Amputation Prevention in Black Populations: Tackling Critical Limb Ischemia

Dr Bill Releford
June 24, 2022

Nearly 2 million people in the USA suffer reduced blood flow due to the severe blockage of the arteries of the lower limbs – a medical condition referred to as critical limb ischemia (CLI). It is common for CLI patients to be hospitalized, and up to 60% of these are readmitted within six months. What’s worse, projections indicate that the prevalence of this condition is soon likely to rise. Given such damning numbers, there is a need for a closer look at CLI, its risk factors, complications, and its threat to limbs and life.

What is Critical Limb Ischemia?

Critical limb ischemia can be described as the final stage of PAD. It is characterized by reduced blood flow in the lower extremities due to blockage of the arteries. 

This chronic condition causes rest pain, and complications may include non-healing ulcers and wounds in the feet and legs. If not treated, these complications could lead to the amputation of a limb.

In addition to the symptoms above, CLI may also be characterized by:

  • Lack of sensation in the feet.
  • Dry, shiny, smooth skin of the feet or legs.
  • Gangrene, often evident through dry, black skin of the feet and legs.
  • Diminished or absent pulse in the feet or legs.
  • Skin infections and non-healing ulcers or sores.

Risk Factors for Critical Limb Ischemia

Certain conditions put individuals at a higher risk of suffering CLI. Most of these are risk factors for arteriosclerosis and include:

  • Advanced age
  • Diabetes
  • Smoking
  • High cholesterol levels
  • Overweight and obesity
  • High blood pressure
  • Sedentary lifestyle

Medical Management of Critical Limb Ischemia

According to the Fontaine classification, CLI is categorized as stage IV PAD, which makes the diagnosis of CLI critical to treatment efforts. Ideally, CLI should be diagnosed objectively and in the early stages of the disease through toe systolic pressures, ABI, MR angiography, CT angiography, or transcutaneous partial pressure of oxygen (TcPO2).

After the diagnosis is confirmed, treatment of CLI is aimed at relieving ischemic pain and healing ischemic ulcers. In turn, these would help salvage limbs, improve one’s function and quality of life, and ultimately increase the chances of survival. Several treatment options are available depending on the severity of the disease.

Endovascular Treatment of CLI

Endovascular therapy is usually minimally invasive and often an option in CLI care and treatment. Most CLI patients have multiple blockages in the arteries below the knee. As such, this treatment often involves puncturing the groin and inserting a tube or catheter into the artery in the groin.

Treatment through endovascular procedures allows access to the diseased part of the artery. Common procedures include angioplasty, stents, laser atherectomy, and directional atherectomy.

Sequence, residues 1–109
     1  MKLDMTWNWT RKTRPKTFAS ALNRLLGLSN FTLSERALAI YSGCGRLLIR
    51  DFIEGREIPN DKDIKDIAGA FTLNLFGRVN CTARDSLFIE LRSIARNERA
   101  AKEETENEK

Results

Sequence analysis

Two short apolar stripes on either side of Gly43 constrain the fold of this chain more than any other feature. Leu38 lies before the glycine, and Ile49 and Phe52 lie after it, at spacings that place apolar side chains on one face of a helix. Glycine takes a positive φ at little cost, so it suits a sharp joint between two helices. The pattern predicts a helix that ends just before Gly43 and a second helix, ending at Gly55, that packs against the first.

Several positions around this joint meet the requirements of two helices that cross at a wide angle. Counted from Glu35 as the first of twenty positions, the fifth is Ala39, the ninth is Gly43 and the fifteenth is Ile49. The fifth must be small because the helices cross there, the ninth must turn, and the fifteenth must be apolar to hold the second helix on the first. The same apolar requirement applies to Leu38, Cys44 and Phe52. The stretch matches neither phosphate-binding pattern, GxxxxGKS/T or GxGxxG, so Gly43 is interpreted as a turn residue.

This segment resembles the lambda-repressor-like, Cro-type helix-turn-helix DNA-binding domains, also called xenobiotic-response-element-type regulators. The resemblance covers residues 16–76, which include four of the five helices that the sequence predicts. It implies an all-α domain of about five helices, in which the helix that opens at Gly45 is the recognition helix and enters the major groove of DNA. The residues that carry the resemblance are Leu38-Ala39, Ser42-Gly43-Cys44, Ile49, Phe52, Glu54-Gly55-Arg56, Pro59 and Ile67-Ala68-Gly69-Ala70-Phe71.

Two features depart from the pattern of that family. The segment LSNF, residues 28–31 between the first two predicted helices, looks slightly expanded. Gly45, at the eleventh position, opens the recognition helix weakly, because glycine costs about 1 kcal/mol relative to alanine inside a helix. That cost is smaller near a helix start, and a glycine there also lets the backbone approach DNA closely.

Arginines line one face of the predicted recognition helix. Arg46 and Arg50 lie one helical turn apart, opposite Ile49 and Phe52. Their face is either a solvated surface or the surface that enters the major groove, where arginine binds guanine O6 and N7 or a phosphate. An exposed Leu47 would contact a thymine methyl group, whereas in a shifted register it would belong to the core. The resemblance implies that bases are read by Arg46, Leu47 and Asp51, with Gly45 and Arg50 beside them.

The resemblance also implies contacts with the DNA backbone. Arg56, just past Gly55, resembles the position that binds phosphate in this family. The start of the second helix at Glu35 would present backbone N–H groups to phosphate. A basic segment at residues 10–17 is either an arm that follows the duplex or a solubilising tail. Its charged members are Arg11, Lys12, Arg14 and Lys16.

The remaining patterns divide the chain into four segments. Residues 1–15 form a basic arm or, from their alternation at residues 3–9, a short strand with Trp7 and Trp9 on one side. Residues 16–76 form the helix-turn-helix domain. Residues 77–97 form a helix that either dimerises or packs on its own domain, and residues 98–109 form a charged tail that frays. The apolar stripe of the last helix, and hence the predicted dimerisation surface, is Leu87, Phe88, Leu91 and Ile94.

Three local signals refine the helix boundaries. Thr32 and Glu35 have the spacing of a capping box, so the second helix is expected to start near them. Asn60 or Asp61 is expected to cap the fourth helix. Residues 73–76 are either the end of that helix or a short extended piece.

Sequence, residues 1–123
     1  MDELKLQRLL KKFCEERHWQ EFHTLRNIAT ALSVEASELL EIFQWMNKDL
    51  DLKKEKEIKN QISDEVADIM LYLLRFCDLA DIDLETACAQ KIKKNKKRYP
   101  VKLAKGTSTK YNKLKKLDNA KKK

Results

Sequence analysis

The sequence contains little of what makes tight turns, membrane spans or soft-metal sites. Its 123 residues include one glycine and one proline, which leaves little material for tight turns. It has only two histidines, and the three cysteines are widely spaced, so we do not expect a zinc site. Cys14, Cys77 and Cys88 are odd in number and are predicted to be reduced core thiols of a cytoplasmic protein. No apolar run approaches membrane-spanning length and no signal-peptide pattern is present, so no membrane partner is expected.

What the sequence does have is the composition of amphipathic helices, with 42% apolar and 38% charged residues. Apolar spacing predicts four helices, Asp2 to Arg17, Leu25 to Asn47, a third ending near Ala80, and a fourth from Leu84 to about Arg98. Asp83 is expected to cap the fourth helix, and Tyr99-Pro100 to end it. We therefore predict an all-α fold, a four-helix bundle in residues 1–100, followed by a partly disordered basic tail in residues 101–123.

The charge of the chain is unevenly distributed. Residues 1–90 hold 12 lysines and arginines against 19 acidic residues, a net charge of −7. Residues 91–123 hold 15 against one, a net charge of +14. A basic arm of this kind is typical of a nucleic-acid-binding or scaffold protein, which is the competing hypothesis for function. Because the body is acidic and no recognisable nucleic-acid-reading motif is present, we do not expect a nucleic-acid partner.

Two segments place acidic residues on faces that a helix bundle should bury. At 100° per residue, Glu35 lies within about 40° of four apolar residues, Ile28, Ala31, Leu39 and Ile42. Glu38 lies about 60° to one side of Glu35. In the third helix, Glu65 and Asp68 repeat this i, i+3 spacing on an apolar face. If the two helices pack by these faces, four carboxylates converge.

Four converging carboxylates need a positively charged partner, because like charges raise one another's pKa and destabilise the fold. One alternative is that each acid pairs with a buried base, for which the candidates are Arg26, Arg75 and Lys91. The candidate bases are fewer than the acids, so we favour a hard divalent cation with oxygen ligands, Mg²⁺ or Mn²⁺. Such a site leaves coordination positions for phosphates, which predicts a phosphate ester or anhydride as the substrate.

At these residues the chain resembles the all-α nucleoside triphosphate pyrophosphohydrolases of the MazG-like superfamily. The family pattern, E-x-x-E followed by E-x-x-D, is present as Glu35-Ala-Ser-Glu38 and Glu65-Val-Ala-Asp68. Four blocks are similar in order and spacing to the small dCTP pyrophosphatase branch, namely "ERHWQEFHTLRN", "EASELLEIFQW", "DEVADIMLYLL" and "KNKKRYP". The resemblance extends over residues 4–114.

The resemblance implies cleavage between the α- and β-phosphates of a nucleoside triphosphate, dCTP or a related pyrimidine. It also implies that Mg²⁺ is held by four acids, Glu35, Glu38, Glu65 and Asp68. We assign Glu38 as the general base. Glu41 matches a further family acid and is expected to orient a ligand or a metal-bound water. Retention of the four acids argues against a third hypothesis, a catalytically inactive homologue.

Angioplasty involves the insertion of a tiny balloon into the diseased artery through a puncture in the groin. The balloon is then inflated once or severally using a saline solution to help open the artery.

Stents are tubular metal meshes that provide support and are placed in the artery after the opening of the artery through balloon angioplasty. Stents could be balloon-expended or self-expanded and are used depending on the desired flexibility.

Laser atherectomy involves using a laser probe, whose tip vaporizes tiny plaque bits in the artery. On the other hand, directional atherectomy uses a tube with a cutting blade that rotates to get rid of plaque from the walls of the artery. This, in turn, opens the flow channel.

Surgical Treatments of CLI

CLI is often characterized by ulcers and wounds that may require surgical procedures. Surgical treatment is recommended where arterial blockages can’t be treated through endovascular therapy. This form of treatment involves bypassing the affected area using a synthetic graft or vein from the patient.

Other Critical Limb Ischemia Interventions

In addition to arterial revascularization and surgical treatment of CLI, emphasis on lifestyle-based preventive measures is imperative. There are many risk factors for CLI, which is the most severe form of PAD. Here are measures that could help prevent CLI.

Maintain an Ideal Weight

A healthy weight is paramount to cardiovascular health, as overweight and obesity could easily lead to cholesterol build-up. These could also cause arterial blockage, and eventually CLI. While obesity and overweight can contribute to various health issues, such individuals could be at risk of developing CLI.

Quit Smoking

Smoking is another risk factor for PAD as it generally damages the arterial lining and possibly causes a fatty build-up on the walls of the arteries. Besides the potential narrowing of the arteries, smoking also deprives the blood of the essential oxygen supply necessary for the proper functioning of vital organs.

Proper Control of Diabetes

It is estimated that over 34 million people in the U.S.A have diabetes. Unfortunately, these people are four times more likely to develop cardiovascular issues like CLI. Eating a balanced diet with lots of fruits and vegetables, and maintaining a physically active life is a good way to keep diabetes in check and lower the risk of CLI.

Bottom Line

Critical limb ischemia is the most severe form of PAD characterized by rest pain and non-healing ulcers. The most common ways of tackling this condition include arterial revascularization and surgical treatment, but early diagnosis of CLI is critical to treatment outcomes. Additionally, maintaining a healthy weight and keeping diabetes in check are potent ways of lowering the risk of CLI.